THE conventional wisdom can treat touchline bans for managers as damaging blows to their teams, tantamount to the suspension of a star striker.
But perhaps the best phrase for such an approach is conventional folly, for in reality the disciplinary action should have little or no effect on a club.
That is certainly the attitude of Hibernian assistant manager Maurice Malpas as he faces up to tomorrow’s home game against St Johnstone without Terry Butcher beside him. Butcher learned earlier this week that he would be banned from the dugout and dressing-room for this game, after his appeal against an SFA suspension from his time as Inverness manager succeeded only in overturning a £1,000 fine imposed on him.
Although the pair have worked successfully together for years, Malpas is confident for several reasons that he can cope without the former England international beside him. For one thing, it is only a few weeks since he took charge of Caley Thistle, when Butcher sat in the stands at Easter Road just days before his appointment as successor to Pat Fenlon.
In any case, Malpas is customarily the more hands-on of the two, both in training at East Mains and during matches, with Butcher tending to intervene only occasionally. And should the manager want to communicate with the technical area, he will find it easy enough.
“It will make no difference at all,” Malpas said yesterday about the ban. “That last time I was in the other dugout, I was by myself as well. It’s a common occurrence. Terry sometimes sits in the stand anyway, and it’s not the first time he’s been banned.
“We just get on with it. We know what we want to happen on the pitch. We work together closely, so it’s not the case that I’ll be worrying that I have to change anything.
“I’m sure we’ll have communication between us. One time we tried phones and someone’s mum phoned. The last time we tried walkie-talkies and I couldn’t hear him because he was shouting.
“The best thing we did in the past was we had a young kid at Inverness who ran up and down the stairs and he said that was harder than a day’s pre-season. I tend to do all right when I’m on my own.”
Butcher will be unable to give one of his typically inspiring speeches right before the match tomorrow, because he is banned from the dressing-room from an hour before kick-off. But he has had time enough since being appointed to get his general message through to the players, and he and Malpas have been encouraged by the response.
So far the new management team’s only win has been in the Scottish Cup at Ross County, with three league fixtures having produced two draws with St Mirren and Partick Thistle and a narrow defeat by Celtic. But they are satisfied that they have already made Hibs more competitive throughout a game.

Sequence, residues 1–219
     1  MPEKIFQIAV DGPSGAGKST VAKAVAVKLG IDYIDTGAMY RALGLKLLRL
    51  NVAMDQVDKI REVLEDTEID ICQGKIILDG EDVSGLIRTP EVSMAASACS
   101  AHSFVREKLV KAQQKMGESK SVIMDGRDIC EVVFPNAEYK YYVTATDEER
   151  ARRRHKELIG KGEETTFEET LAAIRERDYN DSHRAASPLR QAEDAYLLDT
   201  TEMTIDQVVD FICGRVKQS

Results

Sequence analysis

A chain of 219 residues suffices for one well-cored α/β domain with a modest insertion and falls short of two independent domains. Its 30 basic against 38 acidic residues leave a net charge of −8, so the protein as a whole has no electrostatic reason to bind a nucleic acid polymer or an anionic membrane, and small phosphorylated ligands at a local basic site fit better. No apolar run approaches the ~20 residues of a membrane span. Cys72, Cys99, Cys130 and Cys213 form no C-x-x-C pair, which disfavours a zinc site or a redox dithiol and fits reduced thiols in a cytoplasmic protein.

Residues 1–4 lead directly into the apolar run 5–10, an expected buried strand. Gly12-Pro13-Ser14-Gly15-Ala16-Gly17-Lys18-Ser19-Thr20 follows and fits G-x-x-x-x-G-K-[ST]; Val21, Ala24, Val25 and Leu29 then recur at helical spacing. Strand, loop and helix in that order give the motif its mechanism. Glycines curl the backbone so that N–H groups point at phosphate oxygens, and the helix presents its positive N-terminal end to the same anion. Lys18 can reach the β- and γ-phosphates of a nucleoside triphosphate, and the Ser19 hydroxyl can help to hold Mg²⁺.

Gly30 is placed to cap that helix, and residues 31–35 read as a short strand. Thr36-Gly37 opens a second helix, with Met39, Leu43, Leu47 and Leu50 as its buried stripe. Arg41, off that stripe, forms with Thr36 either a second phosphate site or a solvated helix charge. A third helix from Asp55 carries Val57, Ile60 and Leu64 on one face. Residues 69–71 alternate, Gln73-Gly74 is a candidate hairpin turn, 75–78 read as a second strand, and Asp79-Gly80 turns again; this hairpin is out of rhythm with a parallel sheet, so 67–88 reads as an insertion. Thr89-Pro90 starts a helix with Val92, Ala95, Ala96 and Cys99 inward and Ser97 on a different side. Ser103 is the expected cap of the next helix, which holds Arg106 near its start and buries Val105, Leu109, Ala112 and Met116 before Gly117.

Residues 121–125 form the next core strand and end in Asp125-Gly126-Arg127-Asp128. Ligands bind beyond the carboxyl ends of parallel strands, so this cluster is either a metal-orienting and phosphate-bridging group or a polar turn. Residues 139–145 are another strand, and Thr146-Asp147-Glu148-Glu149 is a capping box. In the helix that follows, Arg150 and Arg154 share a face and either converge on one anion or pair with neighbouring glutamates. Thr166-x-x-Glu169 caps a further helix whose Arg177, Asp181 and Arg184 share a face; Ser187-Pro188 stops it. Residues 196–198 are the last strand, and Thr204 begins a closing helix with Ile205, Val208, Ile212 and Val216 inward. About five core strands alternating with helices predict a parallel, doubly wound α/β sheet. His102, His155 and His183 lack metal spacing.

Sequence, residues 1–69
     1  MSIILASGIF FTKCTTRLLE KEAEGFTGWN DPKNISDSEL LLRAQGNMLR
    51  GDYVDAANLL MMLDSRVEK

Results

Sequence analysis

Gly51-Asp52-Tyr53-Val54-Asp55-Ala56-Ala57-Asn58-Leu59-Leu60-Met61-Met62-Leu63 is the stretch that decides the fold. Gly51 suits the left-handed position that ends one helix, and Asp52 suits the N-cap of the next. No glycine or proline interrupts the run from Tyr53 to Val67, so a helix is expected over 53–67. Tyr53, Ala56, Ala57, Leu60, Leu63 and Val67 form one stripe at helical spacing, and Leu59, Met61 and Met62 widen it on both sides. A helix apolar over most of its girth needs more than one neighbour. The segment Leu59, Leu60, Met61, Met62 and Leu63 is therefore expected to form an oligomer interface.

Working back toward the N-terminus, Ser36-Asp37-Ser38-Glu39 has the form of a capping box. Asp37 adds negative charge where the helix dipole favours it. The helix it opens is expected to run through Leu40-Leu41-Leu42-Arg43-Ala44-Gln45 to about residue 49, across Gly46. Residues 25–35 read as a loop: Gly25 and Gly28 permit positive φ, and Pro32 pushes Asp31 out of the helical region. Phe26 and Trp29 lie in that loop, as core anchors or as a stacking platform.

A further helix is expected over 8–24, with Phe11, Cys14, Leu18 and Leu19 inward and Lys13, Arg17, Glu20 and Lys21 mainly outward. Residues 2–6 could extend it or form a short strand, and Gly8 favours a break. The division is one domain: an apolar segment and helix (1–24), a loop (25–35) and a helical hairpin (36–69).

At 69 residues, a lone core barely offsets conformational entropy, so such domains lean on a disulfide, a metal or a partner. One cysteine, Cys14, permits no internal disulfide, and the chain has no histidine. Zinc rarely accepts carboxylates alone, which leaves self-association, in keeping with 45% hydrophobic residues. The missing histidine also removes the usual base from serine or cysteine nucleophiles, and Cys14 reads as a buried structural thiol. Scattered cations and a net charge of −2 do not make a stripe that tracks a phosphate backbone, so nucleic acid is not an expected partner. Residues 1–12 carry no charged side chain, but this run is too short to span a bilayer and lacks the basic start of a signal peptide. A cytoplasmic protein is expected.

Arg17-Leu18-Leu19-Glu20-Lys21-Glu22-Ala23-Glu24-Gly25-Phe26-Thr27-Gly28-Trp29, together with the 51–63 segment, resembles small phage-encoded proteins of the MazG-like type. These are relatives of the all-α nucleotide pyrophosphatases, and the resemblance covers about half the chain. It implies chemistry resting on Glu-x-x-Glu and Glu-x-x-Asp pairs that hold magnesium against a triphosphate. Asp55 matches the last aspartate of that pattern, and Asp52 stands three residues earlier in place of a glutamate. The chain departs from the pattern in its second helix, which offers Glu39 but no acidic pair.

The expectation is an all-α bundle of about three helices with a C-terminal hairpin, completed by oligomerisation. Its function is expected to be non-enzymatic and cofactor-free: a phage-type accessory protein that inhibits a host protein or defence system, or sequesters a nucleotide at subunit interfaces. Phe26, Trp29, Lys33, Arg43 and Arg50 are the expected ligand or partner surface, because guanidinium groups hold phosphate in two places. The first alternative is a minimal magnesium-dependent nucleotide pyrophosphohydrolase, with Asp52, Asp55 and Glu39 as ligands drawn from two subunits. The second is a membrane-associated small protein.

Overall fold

“We’re pleased with how things are going,” Malpas continued. “We have improved in every game. Last Saturday against Celtic, when everybody thought we were going to get smashed because that was what they did the two previous games, if we had had a bit of belief or our shooting boots had been on, we may have got a goal or two. We have to keep battling away, getting the ball in the box. Against Partick we had a few chances: we had loads of balls in the box but it didn’t fall to us. We’ll keep on encouraging the players to do that, and goals will come, that’s a certainty.”
Malpas is aware that Hibs’ higher tempo has led some to suggest that there is now a tendency to rush into attack and bypass the midfield. It is a suggestion he denies, preferring to see the style advocated by him and Butcher as simply a more positive one designed to create more scoring chances for a team who are still the lowest scorers in the league.
“We’re looking to get the ball forward quicker and a lot of people are saying we’re back to front. I’ve never played in, or been involved in, a back-to-front team. I have never asked a team to play back to front. We want to get the ball forward quicker and get in the last third and see what happens. That’s where you earn your corn, in the last third of the pitch.
“There’s nothing more frustrating for a striker if the ball doesn’t come into the box. We’re trying to drum that into them. It’s maybe different to what Pat did, but that’s our philosophy. We want to get the ball into the box. If you do that you score goals. If you score goals, you win games.”
And, whatever their other virtues, it is not managers who score those goals, no matter if they are in the dugout or the directors’ box, or sitting at the back of the main stand.